(On February 15, 1934, while serving as U.S. Congressman from Mississippi, Thomas Jefferson Busby introduced a bill authorizing a survey of the Old Natchez Trace. Four years later, the historic road was designated a unit of the National Park System. This area is named in Jeff Busby's honor to commemorate his part in the Parkway's establishment.)
This is not officially related to the Parkway, but it made a fitting exit for me in Tupelo.
This is another of those poky but charming museums of Southern rural life, with an old schoolroom, and old dairy, an old trolley... Nothing earth shattering, but a pleasant visit. I'm sure that during the school year, it must be packed with field-trippers.
Oh, and in the back room, there is an oddly somber War Memorabilia section, with Nazi collectibles. Hmmm...
This is a well restored inn, and also a visitor center, where you can pick up the indispensable map of the Natchez Trace Parkway. Mount Locust is actually one of the oldest structures in the state, and it is the only remaining inn, out of many that used to stand along the path.It is very interesting to see what sort of building, kitchen, and bed awaited the travelers.
I wonder if a long-distance wayfarer in 1810 would have entered Mount Locust with the same resignation I experienced in all the musty, dark and drab motels I stayed in during this trip.
This is a haunting segment of the original road. Imagine how many steps it took to give the path this distinctive curve. Many of the typical Natchez Trace photos are taken at this spot.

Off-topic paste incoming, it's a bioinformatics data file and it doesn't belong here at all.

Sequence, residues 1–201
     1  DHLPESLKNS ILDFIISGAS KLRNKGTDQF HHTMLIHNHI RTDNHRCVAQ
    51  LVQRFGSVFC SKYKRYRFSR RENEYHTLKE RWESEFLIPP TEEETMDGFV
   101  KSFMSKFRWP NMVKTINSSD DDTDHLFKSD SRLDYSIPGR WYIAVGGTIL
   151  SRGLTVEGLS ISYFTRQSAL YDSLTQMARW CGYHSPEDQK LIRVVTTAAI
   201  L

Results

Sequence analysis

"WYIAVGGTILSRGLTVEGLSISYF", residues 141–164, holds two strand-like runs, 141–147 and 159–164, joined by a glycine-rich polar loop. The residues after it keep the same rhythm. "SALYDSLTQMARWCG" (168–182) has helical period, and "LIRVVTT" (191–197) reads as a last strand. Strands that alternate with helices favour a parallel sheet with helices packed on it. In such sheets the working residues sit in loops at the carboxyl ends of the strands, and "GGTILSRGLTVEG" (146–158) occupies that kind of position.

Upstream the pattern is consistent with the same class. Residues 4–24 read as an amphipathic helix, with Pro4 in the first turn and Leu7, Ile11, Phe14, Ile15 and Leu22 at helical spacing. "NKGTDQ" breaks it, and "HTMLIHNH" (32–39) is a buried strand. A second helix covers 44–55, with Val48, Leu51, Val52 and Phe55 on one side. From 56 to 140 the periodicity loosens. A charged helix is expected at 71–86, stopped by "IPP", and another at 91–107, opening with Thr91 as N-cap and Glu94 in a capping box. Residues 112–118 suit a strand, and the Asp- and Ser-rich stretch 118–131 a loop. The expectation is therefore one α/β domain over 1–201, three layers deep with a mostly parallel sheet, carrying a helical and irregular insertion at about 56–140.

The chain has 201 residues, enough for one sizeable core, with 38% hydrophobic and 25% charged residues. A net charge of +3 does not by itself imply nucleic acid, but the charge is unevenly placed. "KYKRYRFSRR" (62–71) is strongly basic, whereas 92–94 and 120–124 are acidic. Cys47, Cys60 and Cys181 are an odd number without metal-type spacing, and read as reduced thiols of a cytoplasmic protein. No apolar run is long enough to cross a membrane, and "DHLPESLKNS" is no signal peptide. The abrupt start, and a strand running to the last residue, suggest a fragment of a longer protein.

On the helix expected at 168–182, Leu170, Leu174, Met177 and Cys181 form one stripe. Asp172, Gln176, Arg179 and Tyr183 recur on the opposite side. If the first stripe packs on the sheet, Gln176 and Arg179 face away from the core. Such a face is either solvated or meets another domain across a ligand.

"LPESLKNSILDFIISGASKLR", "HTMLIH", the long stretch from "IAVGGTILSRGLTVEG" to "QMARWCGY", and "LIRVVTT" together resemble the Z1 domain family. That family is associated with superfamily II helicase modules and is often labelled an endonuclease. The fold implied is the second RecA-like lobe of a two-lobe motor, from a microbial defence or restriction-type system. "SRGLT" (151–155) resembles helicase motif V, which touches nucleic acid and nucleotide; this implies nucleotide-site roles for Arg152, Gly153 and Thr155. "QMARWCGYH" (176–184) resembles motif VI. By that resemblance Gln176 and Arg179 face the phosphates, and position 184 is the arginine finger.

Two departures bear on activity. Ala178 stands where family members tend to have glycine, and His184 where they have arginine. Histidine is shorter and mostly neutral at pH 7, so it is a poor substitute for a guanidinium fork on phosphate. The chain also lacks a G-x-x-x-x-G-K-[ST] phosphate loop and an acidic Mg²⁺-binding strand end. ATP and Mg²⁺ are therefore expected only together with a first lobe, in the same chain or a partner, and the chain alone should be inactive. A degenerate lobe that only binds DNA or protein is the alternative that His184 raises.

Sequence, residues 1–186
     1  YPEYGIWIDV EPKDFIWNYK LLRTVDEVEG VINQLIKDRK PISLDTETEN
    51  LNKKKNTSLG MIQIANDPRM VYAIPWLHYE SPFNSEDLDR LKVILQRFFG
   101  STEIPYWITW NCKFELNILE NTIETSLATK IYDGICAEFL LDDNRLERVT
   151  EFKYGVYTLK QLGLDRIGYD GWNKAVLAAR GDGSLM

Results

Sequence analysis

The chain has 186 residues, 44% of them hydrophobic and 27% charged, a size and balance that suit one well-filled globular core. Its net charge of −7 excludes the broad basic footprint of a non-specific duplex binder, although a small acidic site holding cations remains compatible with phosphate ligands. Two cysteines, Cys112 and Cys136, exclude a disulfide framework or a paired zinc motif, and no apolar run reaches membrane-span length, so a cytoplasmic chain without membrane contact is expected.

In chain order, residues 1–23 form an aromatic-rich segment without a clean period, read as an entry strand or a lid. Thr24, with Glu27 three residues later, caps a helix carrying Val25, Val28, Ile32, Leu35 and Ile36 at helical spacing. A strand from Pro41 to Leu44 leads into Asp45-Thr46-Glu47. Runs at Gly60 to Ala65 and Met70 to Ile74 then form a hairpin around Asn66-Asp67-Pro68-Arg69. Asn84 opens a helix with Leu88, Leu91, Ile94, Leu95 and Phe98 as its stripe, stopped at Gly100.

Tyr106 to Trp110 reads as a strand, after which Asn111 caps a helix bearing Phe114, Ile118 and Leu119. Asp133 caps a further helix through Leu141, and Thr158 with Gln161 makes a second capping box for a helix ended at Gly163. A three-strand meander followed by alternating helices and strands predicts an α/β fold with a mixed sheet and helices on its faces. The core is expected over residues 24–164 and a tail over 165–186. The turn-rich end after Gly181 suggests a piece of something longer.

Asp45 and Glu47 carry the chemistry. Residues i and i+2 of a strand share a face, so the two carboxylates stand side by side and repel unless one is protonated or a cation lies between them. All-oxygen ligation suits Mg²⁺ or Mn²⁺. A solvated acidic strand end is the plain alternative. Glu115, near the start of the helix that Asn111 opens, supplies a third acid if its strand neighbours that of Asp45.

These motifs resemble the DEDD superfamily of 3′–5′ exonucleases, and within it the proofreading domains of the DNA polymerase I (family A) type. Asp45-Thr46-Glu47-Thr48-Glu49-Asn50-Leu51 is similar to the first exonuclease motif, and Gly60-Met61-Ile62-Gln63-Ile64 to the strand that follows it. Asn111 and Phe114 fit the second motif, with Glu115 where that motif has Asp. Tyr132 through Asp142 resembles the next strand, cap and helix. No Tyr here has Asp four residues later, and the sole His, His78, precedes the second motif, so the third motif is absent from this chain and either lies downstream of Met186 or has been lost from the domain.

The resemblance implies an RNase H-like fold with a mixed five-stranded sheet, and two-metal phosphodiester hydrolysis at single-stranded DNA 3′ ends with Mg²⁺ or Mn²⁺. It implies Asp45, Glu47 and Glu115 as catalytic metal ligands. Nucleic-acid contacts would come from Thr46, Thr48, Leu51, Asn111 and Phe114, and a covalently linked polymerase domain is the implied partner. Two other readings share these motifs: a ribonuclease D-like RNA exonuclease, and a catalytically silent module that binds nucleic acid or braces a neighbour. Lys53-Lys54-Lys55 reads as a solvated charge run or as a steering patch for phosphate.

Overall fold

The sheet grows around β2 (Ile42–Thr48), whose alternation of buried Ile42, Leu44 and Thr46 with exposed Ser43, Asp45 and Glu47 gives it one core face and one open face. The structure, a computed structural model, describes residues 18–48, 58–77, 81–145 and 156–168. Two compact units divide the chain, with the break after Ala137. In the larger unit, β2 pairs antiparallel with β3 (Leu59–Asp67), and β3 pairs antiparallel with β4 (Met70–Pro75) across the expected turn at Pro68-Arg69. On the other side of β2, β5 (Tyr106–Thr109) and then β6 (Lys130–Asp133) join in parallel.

Unfortunately, it is a very short hike, a matter of a few minutes. I heard rumors that there exist long segments of the original trace, but they are unadvertised.
This one might as well be a hoax. The markers indicate that a thriving little town of 2000+ once stood here, which fell victim of erosion, yellow fever, and the boll weevil (take you pick, I guess).
Says who? There is nothing there except... two old safes!
However, there is a good section of the original road nearby, so it is definitely worth a stop.
This was the one spot that made me want to travel the Natchez Trace Pathway in the first place.
You know that pull you experience while staring into Niagara Falls... I had that same pull here. I started fantasizing walking into the slime, with bricks in my pockets: half Virginia Woolf, half Creature from the Black Lagoon.
If you love swamps - and who wouldn't - this is just wonderful.
An old sorghum farm and several related buildings are the occasion for a pleasant walk. Even if the little museums are closed - as they were on this late Summer evening - this is a nice stroll. Nearby is a Christian Academy for boys.
Vicksburg National Military Park was established Feb. 21, 1899, to commemorate one of the largest and most decisive battles of the Civil War: the campaign, siege and defense of the southern Mississipi River city of Vicksburg. There are a staggering 1,325 historical markers and monuments in the Park and 144 cannons, as well as 20 miles of reconstructed trenches. A 16 mile tour road winds through the battlefield with many interpretative stops along the way.
There is also a visitor's center complete with films, bookstore, and museum. Visitors will also want to see the restored Union gunboat USS Cairo, and the Vicksburg National Cemetary.
History buffs can spend days here. It is a great place to take a long hike in beautiful green surroundings, especially in cool weather. Summers here are very hot and humid.
Open year 'round
8:00 A.M. - 5:00 P.M.
Closed Christmas Day
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This property, still known locally by its old name - The King Edward Hotel, is a beautiful, historic...more